Book Review: James in the Exegetical Guide to the Greek New Testament

James (Exegetical Guide to the Greek New Testament)

B&H | Amazon | CBD

Thanks to the kind folks at Broadman & Holman for this review copy! I received this copy free of charge in exchange for an unbiased review.

At first sight of this new series from B&H I wondered if this were simply going to be another commentary series. In part, it serves much of the same purpose as a commentary, though slightly different. While there are features present that you could certainly find in most commentaries, e.g., brief introductory discussions of date, authorship, structure, etc., there are a couple of primary differences that distinguish this series from a typical commentary.

First, these volumes are almost strictly exegetical in nature. As the series title suggests, each volume concerns the various elements that constitute exegesis of a text, though exegesis in reality involves a number of factors beyond what is presented in these volumes. The primary exegetical focus here is grammatical-syntactical and foregoes many of the elements found in traditional commentaries. Here, Vlachos discusses virtually every significant and/or difficult syntactical question, provides evidence for his interpretation, and surveys other sources to demonstrate how a particular clause, word, or other syntactical element is handled. There is little theological, historical, or other information provided, save for the instances in which historical usage helps explain a particular element.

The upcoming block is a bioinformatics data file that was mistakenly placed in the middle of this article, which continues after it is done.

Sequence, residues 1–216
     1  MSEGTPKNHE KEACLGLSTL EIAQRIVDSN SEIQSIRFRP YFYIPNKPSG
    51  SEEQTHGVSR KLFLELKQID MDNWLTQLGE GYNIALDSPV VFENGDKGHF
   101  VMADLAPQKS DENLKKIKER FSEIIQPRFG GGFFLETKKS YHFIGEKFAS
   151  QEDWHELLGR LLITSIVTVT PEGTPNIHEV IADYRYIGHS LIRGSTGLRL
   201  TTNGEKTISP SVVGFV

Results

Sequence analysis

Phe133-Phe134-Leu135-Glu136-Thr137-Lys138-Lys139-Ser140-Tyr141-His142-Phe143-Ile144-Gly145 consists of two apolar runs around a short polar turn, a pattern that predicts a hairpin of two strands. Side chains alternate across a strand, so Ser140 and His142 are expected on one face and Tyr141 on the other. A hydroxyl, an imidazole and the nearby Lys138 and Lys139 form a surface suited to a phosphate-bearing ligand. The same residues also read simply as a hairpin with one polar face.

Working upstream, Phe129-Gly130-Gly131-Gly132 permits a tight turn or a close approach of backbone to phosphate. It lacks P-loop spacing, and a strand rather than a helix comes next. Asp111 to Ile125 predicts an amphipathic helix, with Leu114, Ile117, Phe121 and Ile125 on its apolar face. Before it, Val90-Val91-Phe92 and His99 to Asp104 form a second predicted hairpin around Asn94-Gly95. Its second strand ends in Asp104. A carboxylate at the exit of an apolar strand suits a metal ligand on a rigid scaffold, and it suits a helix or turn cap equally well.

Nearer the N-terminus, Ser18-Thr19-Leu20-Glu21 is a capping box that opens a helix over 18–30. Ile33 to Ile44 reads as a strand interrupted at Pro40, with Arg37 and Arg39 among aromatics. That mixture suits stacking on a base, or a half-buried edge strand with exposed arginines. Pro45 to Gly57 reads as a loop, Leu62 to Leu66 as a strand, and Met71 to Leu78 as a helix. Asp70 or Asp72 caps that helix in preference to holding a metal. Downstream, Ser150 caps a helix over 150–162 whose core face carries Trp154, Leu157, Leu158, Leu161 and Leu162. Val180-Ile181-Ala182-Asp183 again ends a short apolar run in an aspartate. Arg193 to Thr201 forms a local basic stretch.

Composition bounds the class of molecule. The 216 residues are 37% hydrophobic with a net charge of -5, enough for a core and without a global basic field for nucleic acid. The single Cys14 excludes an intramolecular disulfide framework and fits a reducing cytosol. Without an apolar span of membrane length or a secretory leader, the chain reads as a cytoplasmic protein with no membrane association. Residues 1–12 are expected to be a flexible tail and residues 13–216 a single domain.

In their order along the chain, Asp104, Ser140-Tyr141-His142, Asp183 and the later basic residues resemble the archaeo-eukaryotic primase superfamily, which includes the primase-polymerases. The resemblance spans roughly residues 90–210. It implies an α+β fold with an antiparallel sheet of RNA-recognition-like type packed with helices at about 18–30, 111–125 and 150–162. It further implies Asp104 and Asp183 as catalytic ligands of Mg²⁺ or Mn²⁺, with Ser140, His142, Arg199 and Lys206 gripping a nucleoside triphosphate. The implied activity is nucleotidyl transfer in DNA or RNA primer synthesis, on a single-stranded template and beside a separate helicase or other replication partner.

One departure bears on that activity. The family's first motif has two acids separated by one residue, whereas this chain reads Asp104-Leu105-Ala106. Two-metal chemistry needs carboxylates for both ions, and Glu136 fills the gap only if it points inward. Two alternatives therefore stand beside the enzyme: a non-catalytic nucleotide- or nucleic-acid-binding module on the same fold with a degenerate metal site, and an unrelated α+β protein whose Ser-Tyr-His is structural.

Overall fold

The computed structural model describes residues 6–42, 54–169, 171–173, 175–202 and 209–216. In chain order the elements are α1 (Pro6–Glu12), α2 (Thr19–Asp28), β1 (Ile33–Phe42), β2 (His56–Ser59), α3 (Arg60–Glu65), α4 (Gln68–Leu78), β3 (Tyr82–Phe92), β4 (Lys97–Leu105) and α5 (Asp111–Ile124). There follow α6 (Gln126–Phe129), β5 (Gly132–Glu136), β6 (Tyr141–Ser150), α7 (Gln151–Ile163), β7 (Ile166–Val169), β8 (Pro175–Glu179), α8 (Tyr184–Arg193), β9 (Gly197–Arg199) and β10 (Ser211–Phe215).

Second, this volume (and each in the series presumably) also provides a short list of works one might consult for further study. While this is not uncommon in commentaries, these are slightly different because they are arranged thematically, rather than as simply a list of commentaries on the book of James. In addition, pastors and teachers will benefit somewhat from the inclusion of homiletical suggestions at the end of each section.

In sum, this is a very handy volume for those working through books of the NT. If you’re looking for a volume that discusses matters outside of grammar, you’ll need to look elsewhere; however, if syntax is your focus, this volume will be a handy addition to your library.

Read a sample here.

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Book Review: Roman Imperial Texts: A Sourcebook

Roman Imperial Texts: A Sourcebook by Mark Reasoner

Fortress | Amazon | CBD

Thanks to the kind folks at Fortress Press for this review copy! I received this copy free of charge in exchange for an unbiased review.